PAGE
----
They noted that domestic migration accounts for a tiny portion of the change in the state’s millionaire ranks. That population fluctuates by more than 10,000 people from year to year, and migration accounts for 50 to 120 people, or about 1 percent. The remaining 99 percent “is due to income dynamics at the top — California residents growing into the millionaire bracket, or falling out of it again.”
The millionaire population is highly correlated to the financial markets. The researchers found that the median person who earned at least $1 million in a given year earned at least $1 million in only seven of the 13 years before and after that year.
That could be one reason people don’t pull up stakes after a tax increase. Another reason: It’s hard to move when you have a high-paying job, a spouse who may work and kids. The report found that married people with children are less sensitive to the tax increase than married people without children.
One thing that tends to make people of all income levels leave the state is divorce.
“In the year of divorce, the migration rate (for all taxpayers) more than doubles, and remains slightly elevated for two years after the event,” the report said.
The “core question” of both studies “is whether raising taxes on the rich reduces their net migration into the state,” the paper said.
Although the first study showed a counterintuitive result (more rich people coming than leaving), after the 2012 tax increase, “we observe a statistically significant effect in the expected direction,” albeit a small one, the authors wrote. “We estimate that California lost 0.04 percent of its top earner population over the two years following the tax change.”
The latter result was “consistent with what we found” in a 2011 study that examined the migration response to a tax increase in New Jersey, which raised its top rate by 2.6 percentage points, Varner said.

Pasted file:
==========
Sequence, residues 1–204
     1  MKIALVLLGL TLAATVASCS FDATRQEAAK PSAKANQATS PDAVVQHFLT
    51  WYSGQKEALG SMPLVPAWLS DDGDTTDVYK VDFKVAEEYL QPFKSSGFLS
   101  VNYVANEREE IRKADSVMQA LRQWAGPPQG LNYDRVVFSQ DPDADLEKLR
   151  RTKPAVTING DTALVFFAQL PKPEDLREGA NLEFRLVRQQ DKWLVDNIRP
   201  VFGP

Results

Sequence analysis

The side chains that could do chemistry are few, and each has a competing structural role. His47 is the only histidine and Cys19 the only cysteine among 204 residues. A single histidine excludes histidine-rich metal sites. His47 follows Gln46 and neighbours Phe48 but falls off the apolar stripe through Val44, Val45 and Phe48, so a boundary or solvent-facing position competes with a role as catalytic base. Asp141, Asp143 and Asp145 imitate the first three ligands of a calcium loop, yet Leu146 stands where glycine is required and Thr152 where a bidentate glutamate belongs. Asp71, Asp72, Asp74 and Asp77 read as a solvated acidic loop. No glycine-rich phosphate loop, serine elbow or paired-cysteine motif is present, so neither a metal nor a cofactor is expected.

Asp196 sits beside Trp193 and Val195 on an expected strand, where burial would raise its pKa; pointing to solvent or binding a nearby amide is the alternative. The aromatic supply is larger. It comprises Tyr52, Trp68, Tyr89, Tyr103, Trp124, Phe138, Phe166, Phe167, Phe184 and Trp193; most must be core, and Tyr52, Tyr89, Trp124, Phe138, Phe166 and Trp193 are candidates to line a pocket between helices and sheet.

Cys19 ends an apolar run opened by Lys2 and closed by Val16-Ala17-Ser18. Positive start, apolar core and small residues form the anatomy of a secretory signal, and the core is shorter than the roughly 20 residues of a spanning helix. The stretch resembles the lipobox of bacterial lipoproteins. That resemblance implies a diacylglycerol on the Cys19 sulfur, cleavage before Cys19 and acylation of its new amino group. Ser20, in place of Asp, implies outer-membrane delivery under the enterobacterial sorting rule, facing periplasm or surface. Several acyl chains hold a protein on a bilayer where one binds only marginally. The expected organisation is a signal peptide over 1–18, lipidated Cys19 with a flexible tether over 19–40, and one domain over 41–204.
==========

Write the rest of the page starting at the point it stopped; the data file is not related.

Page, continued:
This year, Massachusetts voters will decide whether to increase its tax on income over $1 million by 4 percentage points. Its current rate is 5.1 percent.
The Pioneer Institute, a free-market think tank in Massachusetts, published a paper citing eight reasons why it thinks Young and Varner’s previous paper underestimates millionaire migration. Young published a rebuttal to those assertions.
Among other things, Young noted that only 11 percent of millionaires in the study made their money primarily from capital gains and that most “are the working rich.” He found no difference in tax flight among the two groups but is still doing research on capital gains.
“What we found is that net migration of millionaires to California was positive over the whole period we studied,” from 2007 to 2014, Varner said. “This suggests that the state has consistently become a more attractive place for top income earners to live.”
That echoes the results of another recent study conducted by Beacon Economics for San Francisco think tank Next 10. It tried to explain why California lost nearly 1.1 million more people to other states than it gained between 2006 and 2016.
It concluded that “the main driver for net out-migration appears to be high housing costs,” not high state income taxes. That’s because the “vast majority of people who moved out of California were concentrated in lower-skilled, lower-paying fields.” People moving out probably paid little or no state income tax because California’s tax structure is highly progressive, it said.